Budget Woes Could Sink Future Navy Plan
Flattening budgets could scuttle the Navy’s plan to boost its combat fleet from today’s 285 warships to 313. But don’t panic. Far from resulting in a “hollowing” of the Navy, as GOP presidential frontrunner Mitt Romney has claimed, the funding cuts will most likely produce a future Navy that’s about the same size as today’s.
In other words, the U.S. Navy will still be the biggest and most powerful maritime force in the world.
Multi-year ship buys already in place should bring around 10 new ships annually into the fleet for years to come. Even after some cuts, that’s enough to maintain the size of the force for decades.
There is a downside to the steady-state fleet, however. After a very busy decade that has taken its toll on the Navy’s frigates, destroyers, cruisers and other vessels, it’s possible the Navy could scale back its operations in the less volatile parts of the world such as Europe and Latin America. Deployments to the Indian Ocean and the Pacific will probably remain at their current level.
To be fair, the Navy has only telegraphed changes to the future fleet plan; nothing’s official yet. The service will “will have to re-look” the 313-ship plan that was originally released in 2006, Adm. Mark Ferguson, the Vice Chief of Naval Operations, said at a recent conference. “I think all of us recognize that under those  assumptions and that financial picture that was a great force structure to do what was needed,” he said, according to Carlo Munoz of AOL Defense. “We are going to go back and take a look and see what direction that is [now].”
Funding cuts aside, a shifting strategy alone could justify a fleet smaller than 313 vessels. The 2006 plan, written at the height of the Pentagon’s obsession with counter-insurgency, emphasized maritime security operations against smugglers, pirates, seaborne insurgents and other low-tech enemies. Maritime security operations tend to favor large numbers of inexpensive ships spread over a large area, constantly alert for bad guys. As opposed to, say, full-scale war with China. That kind of major combat is the purview of less numerous, high-tech warships sailing in tightly-packed battle groups.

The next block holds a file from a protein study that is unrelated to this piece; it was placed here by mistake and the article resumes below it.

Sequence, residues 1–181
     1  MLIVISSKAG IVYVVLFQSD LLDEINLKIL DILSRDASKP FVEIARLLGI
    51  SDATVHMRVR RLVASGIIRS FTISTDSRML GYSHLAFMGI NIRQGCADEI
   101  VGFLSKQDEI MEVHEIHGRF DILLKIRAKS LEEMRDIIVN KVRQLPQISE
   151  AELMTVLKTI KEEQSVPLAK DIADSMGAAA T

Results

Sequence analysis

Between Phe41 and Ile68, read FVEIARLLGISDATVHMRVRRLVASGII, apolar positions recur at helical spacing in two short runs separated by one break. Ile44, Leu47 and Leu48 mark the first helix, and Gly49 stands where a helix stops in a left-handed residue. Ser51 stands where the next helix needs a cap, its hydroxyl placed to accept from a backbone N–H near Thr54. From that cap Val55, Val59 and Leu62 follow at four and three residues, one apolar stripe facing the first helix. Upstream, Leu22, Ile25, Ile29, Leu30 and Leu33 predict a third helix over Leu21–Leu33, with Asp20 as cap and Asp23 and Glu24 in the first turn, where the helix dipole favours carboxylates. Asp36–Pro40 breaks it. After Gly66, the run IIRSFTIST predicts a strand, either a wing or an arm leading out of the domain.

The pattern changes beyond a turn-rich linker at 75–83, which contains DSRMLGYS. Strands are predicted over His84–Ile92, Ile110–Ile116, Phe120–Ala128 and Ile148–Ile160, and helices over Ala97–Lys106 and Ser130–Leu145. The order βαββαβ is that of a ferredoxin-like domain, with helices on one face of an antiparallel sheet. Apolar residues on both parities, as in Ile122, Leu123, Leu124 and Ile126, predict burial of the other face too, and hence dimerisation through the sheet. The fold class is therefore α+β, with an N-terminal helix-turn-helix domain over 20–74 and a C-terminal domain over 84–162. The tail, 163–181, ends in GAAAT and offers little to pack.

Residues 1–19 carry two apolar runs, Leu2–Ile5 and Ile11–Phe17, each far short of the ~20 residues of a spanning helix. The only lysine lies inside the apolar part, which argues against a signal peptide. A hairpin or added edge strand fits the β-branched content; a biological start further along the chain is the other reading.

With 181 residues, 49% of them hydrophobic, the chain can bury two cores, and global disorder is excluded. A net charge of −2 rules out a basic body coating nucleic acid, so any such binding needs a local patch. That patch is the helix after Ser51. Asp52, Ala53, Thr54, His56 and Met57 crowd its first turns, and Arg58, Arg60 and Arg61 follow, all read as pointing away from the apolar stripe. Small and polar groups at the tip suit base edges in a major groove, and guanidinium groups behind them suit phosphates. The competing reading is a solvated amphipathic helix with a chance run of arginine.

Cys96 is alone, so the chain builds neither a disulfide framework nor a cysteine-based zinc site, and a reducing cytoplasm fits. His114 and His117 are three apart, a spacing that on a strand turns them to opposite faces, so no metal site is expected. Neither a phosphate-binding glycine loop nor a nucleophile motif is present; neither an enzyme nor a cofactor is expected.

The Obama administration’s new Defense Strategic Guidance, announced last week, calls for a “global presence emphasizing the Asia-Pacific and the Middle East.” The flipside is that U.S. military will likely invest fewer resources in Latin America and Europe. “The world has changed,” explained Adm. James Winnefeld, the Vice Chairman of the Joint Chiefs of Staff.
The “Pacific pivot” means greater focus on high-end warfare. That in turn could see the Navy spending more of its dwindling budget on large, sophisticated vessels such as Virginia-class submarines, Arleigh Burke-class destroyers and Ford-class aircraft carriers. There have even been rumors the Navy could expand the truncated DDG-1000 stealth battleship program.
The pivot’s big losers could be the smaller, cheaper ships optimized for low-intensity operations: the Littoral Combat Ship and the Joint High-Speed Vessel catamaran, for instance. Cutting the troubled LCS program in half, from 55 ships down to the 24 already on order, alone could reduce the future fleet from 313 to today’s level. “We say we’re going to build 55 LCSs,” shipbuilding expert Norman Polmar said. “Well, I’ll bet anyone here a whole dollar bill we’re not going to build 55.”
The steady-state fleet will still be overwhelmingly huge and powerful. At a combined 3 million tons displacement, today’s U.S. Navy outweighs the next dozen biggest navies, combined. The U.S. enjoys similar advantages in missile capacity and naval aviation. While China struggles to operate just one aircraft carrier, the U.S. Navy possesses 11 big flattops and nine small ones. After a brief period during which China built more submarines than America, U.S. sub production now equals Beijing’s — and American subs are bigger, better and last longer.
Slicing 30 ships from future plans will not significantly affect this calculus. And if the new Navy plan favors high-end warships over less-capable, smaller vessels, when it comes to major warfare the American advantage could actually increase. Even if the overall number of warships doesn’t.